By Dr R Neerunjun Gopee
Not having been able to walk to Ganga Talao on the occasion of Maha Shivaratri this year because of a fracture of my ankle, I had no choice but to accept being driven on last Monday morning. This allowed us to avoid vehicular traffic and a potential jam, which would have been a problem for me as sitting for long tends to make the foot swollen and become uncomfortable, even painful at times.
It was a pleasant journey in loving company, which is the most important thing in our lives at all times. When I was at college, I remember reading a passage where it was said that man is a gregarious animal, and the teacher (perhaps it was Mr Bullen, Rector at the RCC) elaborated on this idea. As the years have passed, and circumstances of life have kept altering, the truth of this passage has been borne out over and over again, and with each passing event it has seemed to become even truer. That was why I was particularly touched when the offer was made to take me along, and I enjoyed every single moment of that trip to and fro.
It was a beautiful morning, the sun was shining, and there was just that much of a breeze about. Iresha, all of two and a half years old, kept us happy and busy, though it was with some reluctance that she parted with one of the grenadines that her dada had plucked from his garden at La Flora where we stopped briefly on the way back. I must make up for that to her soon enough!
I achieved the objective of the trip, namely to do the puja at the water edge, ‘connecting’ to Bhagavan Shiva’s cosmic vastness through the symbolic act of returning the water to the lake and ‘offering’ it to Him at the same time – how do you offer to someone who is the source of the offering to begin with! – and then collecting some water from the lake to do a similar offering during the puja at home.
However, since this time I was not concentrating on walking, and had a larger view from the vantage point of sitting in a 4 x 4, I could not help seeing what I saw. And what I saw did not please my eyes, and I asked myself why do the pilgrims keep throwing their plastic cups on the grass all over the place along the road to Ganga Talao? All it requires is for them to wait a little until they reach the next dustbin and drop them there. I know it’s a rhetorical question – or perhaps not?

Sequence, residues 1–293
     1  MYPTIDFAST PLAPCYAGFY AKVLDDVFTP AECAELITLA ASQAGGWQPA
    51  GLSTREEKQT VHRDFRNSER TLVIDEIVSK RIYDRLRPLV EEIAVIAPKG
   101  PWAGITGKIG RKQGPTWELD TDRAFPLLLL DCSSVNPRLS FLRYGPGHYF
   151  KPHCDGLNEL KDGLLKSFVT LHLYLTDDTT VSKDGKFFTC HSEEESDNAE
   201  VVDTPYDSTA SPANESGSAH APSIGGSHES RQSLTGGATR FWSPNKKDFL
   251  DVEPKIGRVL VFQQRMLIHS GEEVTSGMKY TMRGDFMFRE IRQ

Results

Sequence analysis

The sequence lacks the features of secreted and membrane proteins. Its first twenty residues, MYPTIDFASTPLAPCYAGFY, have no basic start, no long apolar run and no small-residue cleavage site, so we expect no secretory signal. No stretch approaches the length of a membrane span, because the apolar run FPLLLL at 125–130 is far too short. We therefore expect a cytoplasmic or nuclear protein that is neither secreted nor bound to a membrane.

Because, instead of giving all manner of speeches ad nauseam, what our so-called socio-cultural leaders should do throughout the year is to pass these simple messages of basic hygiene and civic sense. This should also happen at the level of the family and of local organisations which gather the pilgrims to go walking. So simple, and yet year in year out we are pained to see the same indiscipline prevailing.
Let me say that I do not hold out much hope for next year… I do not apologize for the cynicism, but I present my humble excuses to all my non-Hindu compatriots on behalf of those irresponsible Hindus and the equally indifferent leaders who will, it appears, never learn.
If they have not been, I would strongly recommend to them to take the trip to Vaishno Devi, so that they learn at first hand what it means to maintain cleanliness and hygiene on a pilgrimage track. Perhaps, just perhaps, things might then change in future on the way to Ganga Talao. I may not live to see that day though… though I keep up hope all the same.
* * *
I watched part of the interview of the Libyan leader Colonel Khadafi on BBC. ‘All my people love me, love me,’ he said, smiling, ‘they are prepared to die for me.’
The next clip showed the thousands of Libyans amassed at the Tunisia border, dying to leave the country.
It was a sad sight indeed, and cannot but evoke great sympathy for those desperate people running away to where they faced an uncertain future, what with the situation in Tunisia being still unstable. The border guards had great difficulty controlling the swelling crowd, made up of men, women and children who carried their belongings on their heads, in bundles or suitcases, tired, hungry and thirsty, and struggling to get past the post.
An analyst who was being interviewed said that a majority of the people fleeing were the ‘founding’ elite of Libya, professionals that included doctors, engineers, architects and so on – and expressed doubts as to whether, IF the situation improved in Libya, they would be willing to return. He thought this was highly improbable, and this would make the task of reconstructing Libya more difficult, and perpetuate misery and poverty in a country rich in oil and whose citizens could potentially have one of the highest standards of living in the world.
Yet another humanitarian crisis, which is totally unnecessary!
* Published in print edition on 3 March 2011